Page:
By Olivia GoldhillJuly 1, 2018
The first time a woman put on high heels, she wasn’t trying to be uber feminine. Quite the opposite. In 17th century northern Europe, only men wore high heels, and so the first women to try them out were actually going for a masculine look.
Elizabeth Semmelhack, senior curator at the Bata Shoe Museum in Toronto, Canada, uncovered the history of the high heel after she organized an exhibition around Chinese foot binding and realized that many visitors were fascinated by this unfamiliar practice, but incurious about how women came to wear high-heeled shoes. Semmelhack traced the heel to 10th century Persian men, soldiers who wore them while riding on horseback; heels helped them stay in their stirrups. Men in England and Holland would have become acquainted with this look by the mid-16th century, when they traded textiles in what by then had become the Iranian empire and would have encountered the empire’s large mountain military. By the 17th century, aristocrat European men were also wearing heels.
“There was a fashion trend at the time for some women, those willing to take sartorial risks, to borrow from the male wardrobe,” says Semmelhack. Some European women started to wear hats with large plumes, stomachers (decorative triangle panels on the front of women’s gowns) that looked like doublets and, around 1620, a few were even accused of carrying weapons in a bid to look more masculine. “It was seen as both fashionable and daring,” says Semmelhack—though, of course, they faced ridicule from some corners. “There’s been no time in history when women haven’t been criticized for what they wear and this is no exception,” she adds.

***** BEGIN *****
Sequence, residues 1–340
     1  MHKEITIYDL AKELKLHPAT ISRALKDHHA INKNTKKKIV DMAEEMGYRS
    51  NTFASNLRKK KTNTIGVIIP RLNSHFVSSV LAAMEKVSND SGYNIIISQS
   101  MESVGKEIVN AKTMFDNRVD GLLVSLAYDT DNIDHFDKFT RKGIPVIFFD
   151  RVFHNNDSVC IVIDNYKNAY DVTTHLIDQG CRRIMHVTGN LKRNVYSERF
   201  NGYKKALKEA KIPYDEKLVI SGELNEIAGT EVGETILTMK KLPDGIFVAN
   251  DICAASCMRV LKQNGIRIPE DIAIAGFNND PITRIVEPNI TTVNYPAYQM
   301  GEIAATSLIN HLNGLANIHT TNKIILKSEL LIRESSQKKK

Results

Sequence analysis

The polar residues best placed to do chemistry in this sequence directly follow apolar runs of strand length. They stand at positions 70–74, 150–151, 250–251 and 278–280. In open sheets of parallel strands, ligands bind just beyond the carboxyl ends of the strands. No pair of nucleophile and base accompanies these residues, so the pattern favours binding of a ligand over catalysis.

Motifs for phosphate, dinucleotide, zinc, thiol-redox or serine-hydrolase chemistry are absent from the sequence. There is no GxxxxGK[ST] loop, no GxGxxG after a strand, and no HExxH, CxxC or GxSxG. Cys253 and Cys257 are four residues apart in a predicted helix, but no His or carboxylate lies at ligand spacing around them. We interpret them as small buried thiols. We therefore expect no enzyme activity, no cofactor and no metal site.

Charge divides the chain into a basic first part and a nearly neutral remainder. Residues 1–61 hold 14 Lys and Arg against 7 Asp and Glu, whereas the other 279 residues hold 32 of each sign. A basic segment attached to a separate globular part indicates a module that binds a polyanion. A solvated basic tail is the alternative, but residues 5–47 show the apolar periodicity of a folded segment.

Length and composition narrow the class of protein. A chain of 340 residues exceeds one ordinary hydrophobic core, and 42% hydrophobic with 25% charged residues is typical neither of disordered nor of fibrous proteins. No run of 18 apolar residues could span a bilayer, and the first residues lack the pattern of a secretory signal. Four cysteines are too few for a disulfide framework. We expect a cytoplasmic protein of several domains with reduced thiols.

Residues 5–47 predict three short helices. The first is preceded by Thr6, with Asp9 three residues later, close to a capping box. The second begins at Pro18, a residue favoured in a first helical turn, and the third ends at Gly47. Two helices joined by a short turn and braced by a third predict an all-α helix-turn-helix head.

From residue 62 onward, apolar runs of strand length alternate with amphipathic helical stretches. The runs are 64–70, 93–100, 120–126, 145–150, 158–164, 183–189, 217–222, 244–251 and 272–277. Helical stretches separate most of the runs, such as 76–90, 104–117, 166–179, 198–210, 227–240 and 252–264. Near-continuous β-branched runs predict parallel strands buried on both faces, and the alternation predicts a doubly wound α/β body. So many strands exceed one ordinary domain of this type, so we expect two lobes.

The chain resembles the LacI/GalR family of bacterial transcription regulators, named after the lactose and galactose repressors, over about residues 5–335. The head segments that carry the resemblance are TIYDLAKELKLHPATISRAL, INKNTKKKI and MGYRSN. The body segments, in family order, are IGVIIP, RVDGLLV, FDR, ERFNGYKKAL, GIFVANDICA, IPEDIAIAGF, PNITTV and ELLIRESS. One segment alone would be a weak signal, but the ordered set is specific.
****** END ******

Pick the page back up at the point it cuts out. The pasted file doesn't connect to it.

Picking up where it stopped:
For a few years, though, both men and women wore high heels in Europe. But by the end of the 17th century, enlightenment ideas put an end to such androgynous styles. This philosophy emphasized rationality and practicality—but as distinctly male traits. Women, meanwhile, were seen as emotional, irrational, and distinct from men from men. Under the influence of enlightenment thinking, gender, rather than class, became the main way of dividing society.
“These are stunning ideas, that maybe the difference between people isn’t based on status at birth, but gender at birth: Maybe all men are untied despite what separates them economically, and separated from all women who are united regardless of economic standing,” says Semmelhack. “Men are portrayed as more rational, women are portrayed as less rational, and fashion becomes a way of expressing these differences.”
In particular, aristocratic men stopped wearing ornate clothing to signify their class, taking on a more monochrome look that was homogenous across economic classes. Practical, flat-footed shoots were in, and high heels were definitely out.
Some of the key ideas separating men from women were explicit in enlightenment philosophy; Semmelhack notes that Jean-Jacques Rousseau, the 18th century Swiss-French enlightenment philosopher, wrote extensively on sentimentality in motherhood, and believed women’s principle focus should be on the family. This sort of sexism was further enforced by the public interpretation of enlightenment ideas. In sermons at the time, Semmelhack says, there were constant comments about the illogical frivolous nature of women.
High heels—less practical than flat-heeled shoes for anyone not on horseback—soon became associated with supposedly female traits of frivolity and irrationality. By the 19th century, in Europe, the heel was “unassailably feminine,” notes Semmelhack. Then European imperialism spread this idea around the world. “Once European men abandoned the heel in the early 18th century, the meaning becomes so hyper feminized that as imperialism goes global, those are the meanings that are brought with the high heel.”
But though high heels today have an unquestionably feminine association, Semmelhack says the meaning is far from intrinsic. “Heels are just things. They can be given any meaning we decide they have,” she says. So could men start wearing heels once more? “Anything’s possible.”